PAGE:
A few weeks ago, Prime Minister Theresa May made big claims that the age of austerity would soon be over.

Yet in chancellor Philip Hammond’s recent budget, he confirmed that this will not be the case.

The best Philip Hammond could offer was a vague promise that austerity was “finally coming to an end”. The truth is that billions of pounds worth of cuts previously announced are yet to come.

Mr Hammond talked of an “extra” £650 billion for social care, but local councils, which fund social care, still face cuts of £1.3 billion over the next year.

The funding crisis faced by local authorities can only get worse.

Mr Hammond talked of a one off payment of £400 million payment for schools to help pay for “little extras” ­— what an insult!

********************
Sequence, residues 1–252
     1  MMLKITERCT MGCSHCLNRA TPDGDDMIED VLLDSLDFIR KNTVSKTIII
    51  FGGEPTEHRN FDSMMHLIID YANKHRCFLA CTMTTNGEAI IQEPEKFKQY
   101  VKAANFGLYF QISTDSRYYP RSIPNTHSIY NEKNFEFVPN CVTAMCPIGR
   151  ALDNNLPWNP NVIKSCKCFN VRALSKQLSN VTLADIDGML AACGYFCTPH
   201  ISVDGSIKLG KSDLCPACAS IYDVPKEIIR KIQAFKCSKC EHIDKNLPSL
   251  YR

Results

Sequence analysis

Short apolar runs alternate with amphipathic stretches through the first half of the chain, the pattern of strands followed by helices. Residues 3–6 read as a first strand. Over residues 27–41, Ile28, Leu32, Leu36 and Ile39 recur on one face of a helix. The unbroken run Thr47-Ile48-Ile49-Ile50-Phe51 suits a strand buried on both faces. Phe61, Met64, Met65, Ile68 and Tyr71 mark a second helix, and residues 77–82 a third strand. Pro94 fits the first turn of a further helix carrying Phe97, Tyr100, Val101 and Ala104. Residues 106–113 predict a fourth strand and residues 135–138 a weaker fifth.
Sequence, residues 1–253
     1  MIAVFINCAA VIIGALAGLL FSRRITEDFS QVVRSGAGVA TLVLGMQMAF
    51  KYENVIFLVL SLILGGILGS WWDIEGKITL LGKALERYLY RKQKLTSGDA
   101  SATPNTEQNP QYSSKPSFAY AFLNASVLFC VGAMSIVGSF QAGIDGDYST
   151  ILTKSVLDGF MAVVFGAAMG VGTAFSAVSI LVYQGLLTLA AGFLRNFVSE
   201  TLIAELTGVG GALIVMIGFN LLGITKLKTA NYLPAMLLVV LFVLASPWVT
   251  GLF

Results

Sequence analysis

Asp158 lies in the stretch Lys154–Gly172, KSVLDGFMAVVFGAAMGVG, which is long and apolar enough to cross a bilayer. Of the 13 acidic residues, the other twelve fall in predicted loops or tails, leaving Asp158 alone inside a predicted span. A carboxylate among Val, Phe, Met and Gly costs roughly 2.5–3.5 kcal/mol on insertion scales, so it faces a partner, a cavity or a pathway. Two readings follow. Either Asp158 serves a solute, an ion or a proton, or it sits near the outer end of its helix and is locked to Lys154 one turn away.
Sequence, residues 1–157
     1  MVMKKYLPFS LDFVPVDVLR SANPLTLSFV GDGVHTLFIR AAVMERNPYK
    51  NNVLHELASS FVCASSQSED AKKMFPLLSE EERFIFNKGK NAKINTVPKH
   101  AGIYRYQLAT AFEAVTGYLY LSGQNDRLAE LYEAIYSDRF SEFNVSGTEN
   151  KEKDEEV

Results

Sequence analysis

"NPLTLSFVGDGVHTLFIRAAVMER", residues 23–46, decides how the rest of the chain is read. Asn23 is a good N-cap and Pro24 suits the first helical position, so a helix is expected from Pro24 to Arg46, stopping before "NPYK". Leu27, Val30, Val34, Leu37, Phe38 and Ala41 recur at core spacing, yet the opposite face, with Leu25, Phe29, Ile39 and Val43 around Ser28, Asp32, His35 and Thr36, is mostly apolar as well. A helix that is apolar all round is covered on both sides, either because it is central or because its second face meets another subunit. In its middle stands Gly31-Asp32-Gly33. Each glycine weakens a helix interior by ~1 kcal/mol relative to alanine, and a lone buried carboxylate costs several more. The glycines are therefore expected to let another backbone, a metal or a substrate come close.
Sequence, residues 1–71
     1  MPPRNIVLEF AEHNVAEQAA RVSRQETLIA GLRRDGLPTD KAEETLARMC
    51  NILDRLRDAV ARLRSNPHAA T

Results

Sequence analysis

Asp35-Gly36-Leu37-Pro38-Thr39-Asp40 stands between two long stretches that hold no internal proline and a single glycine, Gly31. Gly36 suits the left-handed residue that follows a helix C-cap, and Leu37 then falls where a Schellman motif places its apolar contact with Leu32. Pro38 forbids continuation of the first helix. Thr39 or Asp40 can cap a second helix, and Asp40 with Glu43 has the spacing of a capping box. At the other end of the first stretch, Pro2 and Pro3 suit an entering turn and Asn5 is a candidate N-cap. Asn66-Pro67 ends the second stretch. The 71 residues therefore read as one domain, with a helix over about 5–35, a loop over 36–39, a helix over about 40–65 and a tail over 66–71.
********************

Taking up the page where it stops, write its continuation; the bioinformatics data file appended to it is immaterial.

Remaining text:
The truth is that this £400 million only equates to around £10,000 per primary school and £50,000 per secondary school at a time when schools are suffering from a £2 billion shortfall with thousands of teachers and support workers losing their jobs.

Mr Hammond talked of an extra £20 billion for the NHS by 2023, yet they continue to demand that the NHS makes £22 billion in “efficiency savings” by 2020/21. The truth is that austerity is far from over, austerity continues to be a political choice of the current Conservative government.

I don’t believe that austerity will end until the current government is finally removed from office.

Joan Pritchard-Jones